Monday, November 12, 2012

Michael Kaplan, the stylized stylist - Moods

Brainstorming the wardrobe for films can be fun. One of my favorite costume designers is Michael Kaplan. He designed the costumes for Blade Runner, Fight Club and Flash Dance. He's done many, many other big movies but I love the costuming in the aforementioned films. I love the moods they create, the accents they give to the iconic women characters.

Blade Runner tapped into the Film Noir genre and 1940s influenced tailoring. Kaplan infused everything with a 1980s, dystopian, science fiction aesthetic. The final product works wonderfully. The character of Rachael, with her tightly buttoned up suits and exaggerated shoulder pads, conveyed a woman with the appearance of control but was fragile and secretive.

Daryl Hanna's Pris utilized a wardrobe for a woman that is part punk and street urchin, who's ultimately not human. She uses both her childlike demeanor and sexuality to seduce. She's like an adolescent robot who's lost and vulnerable. Her costumes are expressive and pieced together. Garter belts reveal her (literally) killer thighs.

The women in Blade Runner initially have much to hide. They are felons and created to be laborers on off-planet colonies. They aren't suppose to be living on earth, indulging in human pursuits. Yet they are inclined and yearn to live like the people they were replicated to be like. Their clothing is directly part of their disguises and reflection of their character's story. Rachael, who is unaware that she's a replicant, is fully clothed and lives quietly and works for the company that created her. Pris is confused and on the run, she's aware that her time is running out and her clothes hang seductively in tatters as she lives on the streets. Zhora (the snake woman), is desperate. Enraged and finding herself caught, literally has nothing to hide. It was their bodies that belied their secret and as Zhora runs from Harrison Ford's Deckard she wears only a see-through raincoat.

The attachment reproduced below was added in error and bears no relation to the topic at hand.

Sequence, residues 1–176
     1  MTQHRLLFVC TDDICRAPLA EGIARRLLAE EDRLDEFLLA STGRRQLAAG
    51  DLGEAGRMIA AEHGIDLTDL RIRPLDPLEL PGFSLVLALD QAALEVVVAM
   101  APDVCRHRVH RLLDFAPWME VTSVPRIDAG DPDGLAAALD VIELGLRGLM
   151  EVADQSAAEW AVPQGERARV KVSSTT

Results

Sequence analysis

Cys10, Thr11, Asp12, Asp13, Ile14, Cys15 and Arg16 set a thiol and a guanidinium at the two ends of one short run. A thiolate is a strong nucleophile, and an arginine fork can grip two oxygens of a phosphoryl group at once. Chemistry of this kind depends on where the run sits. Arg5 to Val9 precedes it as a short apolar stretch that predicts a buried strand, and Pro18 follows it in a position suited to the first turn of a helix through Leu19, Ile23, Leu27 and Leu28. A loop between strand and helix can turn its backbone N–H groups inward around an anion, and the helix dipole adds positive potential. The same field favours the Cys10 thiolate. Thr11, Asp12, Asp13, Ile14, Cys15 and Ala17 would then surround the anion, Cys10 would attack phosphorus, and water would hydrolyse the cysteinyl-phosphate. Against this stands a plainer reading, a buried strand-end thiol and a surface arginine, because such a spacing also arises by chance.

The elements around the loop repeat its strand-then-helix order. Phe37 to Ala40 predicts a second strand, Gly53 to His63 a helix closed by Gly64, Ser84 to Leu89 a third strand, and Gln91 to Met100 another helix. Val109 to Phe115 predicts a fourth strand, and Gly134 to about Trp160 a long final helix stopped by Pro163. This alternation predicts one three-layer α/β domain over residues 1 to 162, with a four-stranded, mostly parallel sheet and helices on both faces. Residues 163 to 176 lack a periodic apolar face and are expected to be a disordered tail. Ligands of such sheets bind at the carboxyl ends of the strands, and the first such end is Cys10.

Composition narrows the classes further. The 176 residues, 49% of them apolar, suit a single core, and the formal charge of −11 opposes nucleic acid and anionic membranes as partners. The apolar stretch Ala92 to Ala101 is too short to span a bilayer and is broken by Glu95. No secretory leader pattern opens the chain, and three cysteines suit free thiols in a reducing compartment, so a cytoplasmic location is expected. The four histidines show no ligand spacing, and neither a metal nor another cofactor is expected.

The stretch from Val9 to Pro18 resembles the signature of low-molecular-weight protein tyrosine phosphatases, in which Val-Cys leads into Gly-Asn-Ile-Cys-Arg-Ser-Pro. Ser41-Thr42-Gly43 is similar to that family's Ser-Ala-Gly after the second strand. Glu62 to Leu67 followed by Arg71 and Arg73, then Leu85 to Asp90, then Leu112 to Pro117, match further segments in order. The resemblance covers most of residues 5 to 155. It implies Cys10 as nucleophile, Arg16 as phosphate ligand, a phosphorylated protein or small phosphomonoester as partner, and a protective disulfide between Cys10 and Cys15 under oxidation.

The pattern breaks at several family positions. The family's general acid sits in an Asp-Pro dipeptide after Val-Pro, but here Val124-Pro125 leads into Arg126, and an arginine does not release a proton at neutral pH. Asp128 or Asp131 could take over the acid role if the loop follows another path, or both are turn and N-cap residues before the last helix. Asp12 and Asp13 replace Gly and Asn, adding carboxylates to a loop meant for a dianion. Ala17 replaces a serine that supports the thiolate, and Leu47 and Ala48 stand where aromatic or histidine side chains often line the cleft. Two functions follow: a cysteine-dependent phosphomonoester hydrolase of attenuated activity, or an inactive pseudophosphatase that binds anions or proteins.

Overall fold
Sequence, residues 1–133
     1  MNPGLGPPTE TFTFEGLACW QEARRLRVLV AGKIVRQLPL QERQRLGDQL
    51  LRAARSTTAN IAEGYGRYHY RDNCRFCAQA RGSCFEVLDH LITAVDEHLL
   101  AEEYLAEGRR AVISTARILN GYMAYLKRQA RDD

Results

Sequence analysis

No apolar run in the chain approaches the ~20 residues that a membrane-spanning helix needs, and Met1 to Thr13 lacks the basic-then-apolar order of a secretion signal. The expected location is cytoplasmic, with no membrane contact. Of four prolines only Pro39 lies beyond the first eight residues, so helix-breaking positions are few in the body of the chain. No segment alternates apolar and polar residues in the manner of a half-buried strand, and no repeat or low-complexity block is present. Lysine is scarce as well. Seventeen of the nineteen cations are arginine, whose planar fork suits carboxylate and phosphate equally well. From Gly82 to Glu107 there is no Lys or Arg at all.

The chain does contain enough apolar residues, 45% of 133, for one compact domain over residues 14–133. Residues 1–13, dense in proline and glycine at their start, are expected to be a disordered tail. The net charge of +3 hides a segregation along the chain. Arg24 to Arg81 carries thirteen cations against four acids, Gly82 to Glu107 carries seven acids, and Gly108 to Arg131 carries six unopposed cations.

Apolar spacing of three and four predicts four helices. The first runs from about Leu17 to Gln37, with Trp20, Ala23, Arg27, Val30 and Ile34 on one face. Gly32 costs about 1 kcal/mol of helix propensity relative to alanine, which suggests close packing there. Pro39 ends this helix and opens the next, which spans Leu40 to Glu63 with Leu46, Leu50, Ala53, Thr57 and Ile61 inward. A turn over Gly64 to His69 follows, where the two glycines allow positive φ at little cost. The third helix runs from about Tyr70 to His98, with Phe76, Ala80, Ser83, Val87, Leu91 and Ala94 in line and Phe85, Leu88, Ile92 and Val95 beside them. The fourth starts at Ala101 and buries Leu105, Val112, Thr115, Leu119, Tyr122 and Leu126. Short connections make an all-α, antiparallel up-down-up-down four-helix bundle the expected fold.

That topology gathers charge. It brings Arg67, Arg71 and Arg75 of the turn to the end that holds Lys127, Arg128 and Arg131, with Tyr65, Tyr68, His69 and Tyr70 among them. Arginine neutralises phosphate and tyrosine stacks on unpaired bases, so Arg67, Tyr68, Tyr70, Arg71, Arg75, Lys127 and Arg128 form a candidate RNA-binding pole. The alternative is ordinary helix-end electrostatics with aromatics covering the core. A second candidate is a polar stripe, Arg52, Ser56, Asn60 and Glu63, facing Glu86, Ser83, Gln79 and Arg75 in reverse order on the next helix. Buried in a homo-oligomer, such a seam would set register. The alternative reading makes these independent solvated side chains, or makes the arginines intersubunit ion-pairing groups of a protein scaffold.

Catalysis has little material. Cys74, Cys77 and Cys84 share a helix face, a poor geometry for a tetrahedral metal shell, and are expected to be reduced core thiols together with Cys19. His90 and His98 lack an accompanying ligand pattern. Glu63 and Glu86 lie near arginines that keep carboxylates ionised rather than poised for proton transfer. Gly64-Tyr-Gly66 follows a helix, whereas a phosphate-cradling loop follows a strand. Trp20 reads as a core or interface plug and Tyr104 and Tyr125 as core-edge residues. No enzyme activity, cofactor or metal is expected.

(*love that Schlitz sign in the Zhora scene)

If I had a tumor I'd name it Marla. I've always liked the Marla character in Fight Club. Caustic and damaged, she was a very present and assertive character. Plucky and ultimately ready for a real relationship, she had a muddy sweetness about her. Michael Kaplan wanted her to appear "alone and birdlike". She's a thrift store princess, her clothes always cut to accent her delicate frame. Unsteady, she teeters on her heels as she runs to attach and involve herself with Edward Norton. Helena Bonham Carter probably wanted to rid herself of the corsets and bonnets of the stuffy English period pieces that she was known for. I love that pink $1 dollar dress that she wanders around in at one point.

Has cotton ever looked sexier?* Michael Kaplan's wardrobe for Flashdance is pretty memorable. During the day Jennifer Beals worked as a steel worker in jeans and flannels but outside of work she changed into her dance wardrobe. She arched and twirled in awesome leotards, leg warmers and the legendary ripped sweatshirt. The costumes for the dancers at the night club she worked at were awesome. Aerobics inspired and swim-suit like they had to be ready for water splashing out of the ceiling : ) When she goes to auditions she seems so rough compared to all the prissy ballerinas. But when she strips down to that black leotard, she is so beautiful and powerful (as was the dancer and body double Marine Jahan). That last audition scene has always stayed with me. I've thought about it before my own auditions.

Blade Runner,  Ridley Scott 1982
Fight Club, David Fincher  1999
Flashdance, Adrian Lyne  1983

Friday, November 2, 2012

Nighttime Thinking

There's daytime thinking and nighttime thinking, and both can be good. But mostly I do like nighttime thinking. When the sun goes down, it just pushes us all more inward. It makes kind of a dream come over you. There are certain things that you start thinking about, that you don't think about in the daytime.

-David Lynch

Thursday, November 1, 2012


When I get into a new project, I really like to go in deep, immerse. I hunker down at the library, watch hours of footage, endless google searches... Understand that objects and media that are directly influential can be sacred, cherished.

Mélodie Mousset made an organic flowing sculpture that was inspired by the tiled pattern of Frank Lloyd Write's Ennis House. Untitled, 2012 (Downward Dog)

The Ennis house is in LA, in Los Feliz. It sits atop a big hill and just sort of appears as you drive up a winding road. I went there once and poked around on my birthday. Mélodie Mousset did me one better by taking a dip in the pool. : )
Awesome. Connecting with one's work. Architecture. Frank Lloyd Wright. Yes.

there's a cute video about it on NOWNESS

Mélodie Mousset: Downward Dog

Mélodie Mousset  -